P.S. I know you’d appreciate the fact that this post is embarrassingly late. Some things never change, huh?

Household Updates

In an effort to give all three of my faithful readers (ha) a bit of a break from the less-than-light posts of late (sorry, back to those next time), I wanted to give a quick update on the Shaw household.


We are updating our house.

Our basement to be a little more precise, as I have alluded to in previous posts.

It was always the plan when we bought our house to finish the basement, and now with a few additional factors tipping the scale we finally pulled the trigger.

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Because I’m a scatterbrain I don’t have any official “before” pictures (oops), but you get the general idea.

Our basement will soon house a guest room, laundry nook, bathroom, office, and large play area / future schoolroom for the kiddos.

And while I am super excited for the finished product, can I just say that home renovations are exhausting?

Or is it just me.



They are exhausting.

And if nothing else a continual lesson in patience.

(Not that I need that or anything)

Yeah, between the noise and the mess (so. much. mess) and the lack of spaces to put things I would be lying if I didn’t say I am getting a little antsy for things to wrap up.

Don’t get me wrong, I am very happy we are finally doing this, but also ready to be done. You know how it goes.

Thankfully though things are moving right along, and the light at the end of the tunnel grows a little brighter with each passing week.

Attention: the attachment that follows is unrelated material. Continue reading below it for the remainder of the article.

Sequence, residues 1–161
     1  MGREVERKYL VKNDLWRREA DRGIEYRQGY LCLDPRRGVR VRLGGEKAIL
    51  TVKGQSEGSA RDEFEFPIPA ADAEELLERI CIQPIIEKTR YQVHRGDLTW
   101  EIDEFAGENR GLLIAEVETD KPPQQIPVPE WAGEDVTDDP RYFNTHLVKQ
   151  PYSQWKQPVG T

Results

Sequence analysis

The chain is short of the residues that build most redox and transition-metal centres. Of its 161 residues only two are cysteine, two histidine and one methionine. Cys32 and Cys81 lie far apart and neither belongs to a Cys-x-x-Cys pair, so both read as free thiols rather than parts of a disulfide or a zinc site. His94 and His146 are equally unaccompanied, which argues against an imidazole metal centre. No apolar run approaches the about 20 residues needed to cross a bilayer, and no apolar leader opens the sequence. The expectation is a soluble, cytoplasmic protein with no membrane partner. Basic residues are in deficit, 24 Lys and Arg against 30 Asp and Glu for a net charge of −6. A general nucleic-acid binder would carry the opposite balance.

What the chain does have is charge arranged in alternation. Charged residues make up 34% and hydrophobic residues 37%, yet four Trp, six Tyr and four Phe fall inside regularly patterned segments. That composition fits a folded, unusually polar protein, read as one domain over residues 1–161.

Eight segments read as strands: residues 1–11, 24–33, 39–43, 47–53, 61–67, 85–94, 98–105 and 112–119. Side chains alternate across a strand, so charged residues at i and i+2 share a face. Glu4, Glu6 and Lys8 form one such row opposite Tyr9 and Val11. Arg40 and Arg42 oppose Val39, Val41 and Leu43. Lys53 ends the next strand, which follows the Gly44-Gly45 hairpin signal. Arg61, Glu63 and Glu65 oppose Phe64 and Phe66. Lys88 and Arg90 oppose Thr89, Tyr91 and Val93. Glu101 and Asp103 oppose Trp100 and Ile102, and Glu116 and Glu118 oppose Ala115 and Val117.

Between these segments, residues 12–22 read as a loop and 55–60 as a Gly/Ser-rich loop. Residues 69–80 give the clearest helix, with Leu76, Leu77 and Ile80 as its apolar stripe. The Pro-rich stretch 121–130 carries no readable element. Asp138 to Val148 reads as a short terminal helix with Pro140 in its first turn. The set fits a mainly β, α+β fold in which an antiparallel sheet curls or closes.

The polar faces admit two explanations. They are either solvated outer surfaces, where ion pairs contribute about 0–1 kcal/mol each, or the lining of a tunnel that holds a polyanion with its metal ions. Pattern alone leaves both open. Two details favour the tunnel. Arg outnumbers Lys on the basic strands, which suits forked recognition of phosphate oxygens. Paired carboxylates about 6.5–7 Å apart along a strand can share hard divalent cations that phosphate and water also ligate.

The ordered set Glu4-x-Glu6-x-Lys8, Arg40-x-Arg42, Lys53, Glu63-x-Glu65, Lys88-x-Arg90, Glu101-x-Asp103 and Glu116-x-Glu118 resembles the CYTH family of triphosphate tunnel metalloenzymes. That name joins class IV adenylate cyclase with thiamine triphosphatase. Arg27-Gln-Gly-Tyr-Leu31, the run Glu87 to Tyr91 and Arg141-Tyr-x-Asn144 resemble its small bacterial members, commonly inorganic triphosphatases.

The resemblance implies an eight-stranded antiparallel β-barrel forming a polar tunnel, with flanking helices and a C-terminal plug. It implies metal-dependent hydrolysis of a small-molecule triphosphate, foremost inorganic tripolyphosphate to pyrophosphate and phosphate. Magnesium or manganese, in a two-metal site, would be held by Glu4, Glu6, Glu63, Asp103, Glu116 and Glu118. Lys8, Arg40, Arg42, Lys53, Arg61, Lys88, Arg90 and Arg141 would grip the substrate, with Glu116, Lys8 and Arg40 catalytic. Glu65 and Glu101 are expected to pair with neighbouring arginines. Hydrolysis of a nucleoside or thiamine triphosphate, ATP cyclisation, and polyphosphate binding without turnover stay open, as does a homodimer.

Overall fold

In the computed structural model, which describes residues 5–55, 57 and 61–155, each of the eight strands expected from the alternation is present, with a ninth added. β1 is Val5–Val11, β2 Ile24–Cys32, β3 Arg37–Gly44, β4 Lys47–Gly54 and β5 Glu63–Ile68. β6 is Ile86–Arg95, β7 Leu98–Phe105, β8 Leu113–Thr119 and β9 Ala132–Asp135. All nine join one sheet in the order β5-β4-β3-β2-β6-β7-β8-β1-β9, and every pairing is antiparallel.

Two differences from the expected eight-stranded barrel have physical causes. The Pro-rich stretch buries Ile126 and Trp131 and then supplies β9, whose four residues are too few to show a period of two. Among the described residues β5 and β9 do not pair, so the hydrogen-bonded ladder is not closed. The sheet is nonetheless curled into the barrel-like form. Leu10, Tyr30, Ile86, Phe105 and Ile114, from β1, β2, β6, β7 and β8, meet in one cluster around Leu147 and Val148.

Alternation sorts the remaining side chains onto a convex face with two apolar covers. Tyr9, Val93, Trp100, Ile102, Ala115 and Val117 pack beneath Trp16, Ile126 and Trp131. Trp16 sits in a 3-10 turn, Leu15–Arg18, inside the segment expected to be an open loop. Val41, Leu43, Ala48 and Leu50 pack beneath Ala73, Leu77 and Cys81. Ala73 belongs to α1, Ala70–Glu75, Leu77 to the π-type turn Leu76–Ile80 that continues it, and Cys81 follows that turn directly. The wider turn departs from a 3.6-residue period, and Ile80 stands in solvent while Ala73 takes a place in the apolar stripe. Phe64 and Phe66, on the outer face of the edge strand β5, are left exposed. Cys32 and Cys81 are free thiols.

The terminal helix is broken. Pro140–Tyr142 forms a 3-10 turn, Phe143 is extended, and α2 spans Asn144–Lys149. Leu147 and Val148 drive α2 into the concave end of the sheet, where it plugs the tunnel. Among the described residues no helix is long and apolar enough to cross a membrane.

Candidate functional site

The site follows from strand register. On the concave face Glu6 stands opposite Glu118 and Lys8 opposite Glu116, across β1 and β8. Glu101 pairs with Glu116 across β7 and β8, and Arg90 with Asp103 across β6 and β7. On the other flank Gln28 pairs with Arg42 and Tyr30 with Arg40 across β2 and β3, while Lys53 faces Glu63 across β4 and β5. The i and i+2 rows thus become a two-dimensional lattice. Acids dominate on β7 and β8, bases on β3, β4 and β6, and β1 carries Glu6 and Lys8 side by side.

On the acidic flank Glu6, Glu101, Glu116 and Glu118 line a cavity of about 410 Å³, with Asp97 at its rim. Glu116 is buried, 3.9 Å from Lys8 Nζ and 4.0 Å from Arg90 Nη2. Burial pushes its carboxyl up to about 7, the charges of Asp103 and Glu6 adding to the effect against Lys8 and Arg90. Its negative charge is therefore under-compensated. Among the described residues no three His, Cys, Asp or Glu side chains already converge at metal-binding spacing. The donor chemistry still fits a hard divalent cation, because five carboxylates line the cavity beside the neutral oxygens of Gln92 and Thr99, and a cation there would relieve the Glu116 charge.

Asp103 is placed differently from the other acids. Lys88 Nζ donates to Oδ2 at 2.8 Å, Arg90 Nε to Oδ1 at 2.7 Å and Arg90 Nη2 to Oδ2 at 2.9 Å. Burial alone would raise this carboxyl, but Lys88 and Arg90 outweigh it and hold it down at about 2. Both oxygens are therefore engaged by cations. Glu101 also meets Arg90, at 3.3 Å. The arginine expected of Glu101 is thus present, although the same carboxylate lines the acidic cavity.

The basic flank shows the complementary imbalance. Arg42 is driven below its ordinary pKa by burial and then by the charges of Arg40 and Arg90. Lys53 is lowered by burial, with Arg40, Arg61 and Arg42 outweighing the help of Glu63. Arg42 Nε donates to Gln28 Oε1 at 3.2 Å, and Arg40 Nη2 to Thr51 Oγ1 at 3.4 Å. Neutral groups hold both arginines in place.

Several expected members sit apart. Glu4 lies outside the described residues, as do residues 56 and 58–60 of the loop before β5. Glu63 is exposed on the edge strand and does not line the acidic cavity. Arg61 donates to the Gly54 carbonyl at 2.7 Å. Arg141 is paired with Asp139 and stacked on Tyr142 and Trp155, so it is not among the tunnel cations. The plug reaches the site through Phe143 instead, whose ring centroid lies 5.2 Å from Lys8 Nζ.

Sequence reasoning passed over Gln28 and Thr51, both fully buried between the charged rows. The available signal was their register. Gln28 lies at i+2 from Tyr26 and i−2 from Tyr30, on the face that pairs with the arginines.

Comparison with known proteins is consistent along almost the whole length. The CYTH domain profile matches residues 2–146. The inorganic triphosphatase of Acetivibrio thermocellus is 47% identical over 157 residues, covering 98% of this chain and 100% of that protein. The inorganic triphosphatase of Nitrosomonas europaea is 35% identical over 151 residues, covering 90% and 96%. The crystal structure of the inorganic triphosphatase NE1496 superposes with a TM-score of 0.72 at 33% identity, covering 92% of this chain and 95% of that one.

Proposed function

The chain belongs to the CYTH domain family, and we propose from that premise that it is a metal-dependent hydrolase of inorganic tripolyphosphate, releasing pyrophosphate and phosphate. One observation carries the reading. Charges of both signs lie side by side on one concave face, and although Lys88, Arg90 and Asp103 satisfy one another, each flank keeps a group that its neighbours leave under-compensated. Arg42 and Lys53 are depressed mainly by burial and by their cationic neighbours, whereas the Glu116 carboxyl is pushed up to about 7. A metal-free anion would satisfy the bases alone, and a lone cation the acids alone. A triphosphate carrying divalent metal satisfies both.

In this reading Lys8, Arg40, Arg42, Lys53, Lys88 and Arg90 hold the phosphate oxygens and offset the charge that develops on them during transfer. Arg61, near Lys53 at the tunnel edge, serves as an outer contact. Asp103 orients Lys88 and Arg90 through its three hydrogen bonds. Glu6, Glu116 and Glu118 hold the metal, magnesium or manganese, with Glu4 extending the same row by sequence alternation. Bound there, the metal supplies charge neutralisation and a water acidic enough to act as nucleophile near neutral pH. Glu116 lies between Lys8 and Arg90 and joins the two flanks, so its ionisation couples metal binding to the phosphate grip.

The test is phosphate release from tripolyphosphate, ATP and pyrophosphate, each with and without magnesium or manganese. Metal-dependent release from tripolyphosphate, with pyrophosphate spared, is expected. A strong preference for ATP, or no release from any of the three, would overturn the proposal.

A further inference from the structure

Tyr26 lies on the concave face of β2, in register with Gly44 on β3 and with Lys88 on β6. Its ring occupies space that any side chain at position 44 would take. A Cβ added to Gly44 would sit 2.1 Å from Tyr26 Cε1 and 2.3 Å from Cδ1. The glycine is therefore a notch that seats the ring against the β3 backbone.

On a brighter note, the kids have very much enjoyed the large trucks, tools, and of course “workin’ men” that have been in and out of the house in the past weeks.

Pretty sure I could have just left the Smurflet in the basement with the men and he would have been thrilled.

(The men however probably not so much….)

And I have gotten to play around in the kitchen a little bit so as to keep treats on hand for those “workin’ men.”

It’s amazing how much more they can accomplish when you keep a steady stream of cookies flowing their way…


So that’s about it over here, as far as home updates.

I am excited to share finished pictures with you when we get to that point.

Which is hopefully soon.


Also I wanted to take a moment to thank everyone who has been reading / giving feedback and encouragement on my recent posts.

I know they’ve been heavier (and more consistently heavy) than maybe it’s been in the past, but you all have given me a very helpful platform to work though life, and I pray I will somehow be of assistance or encouragement or something to those who read this.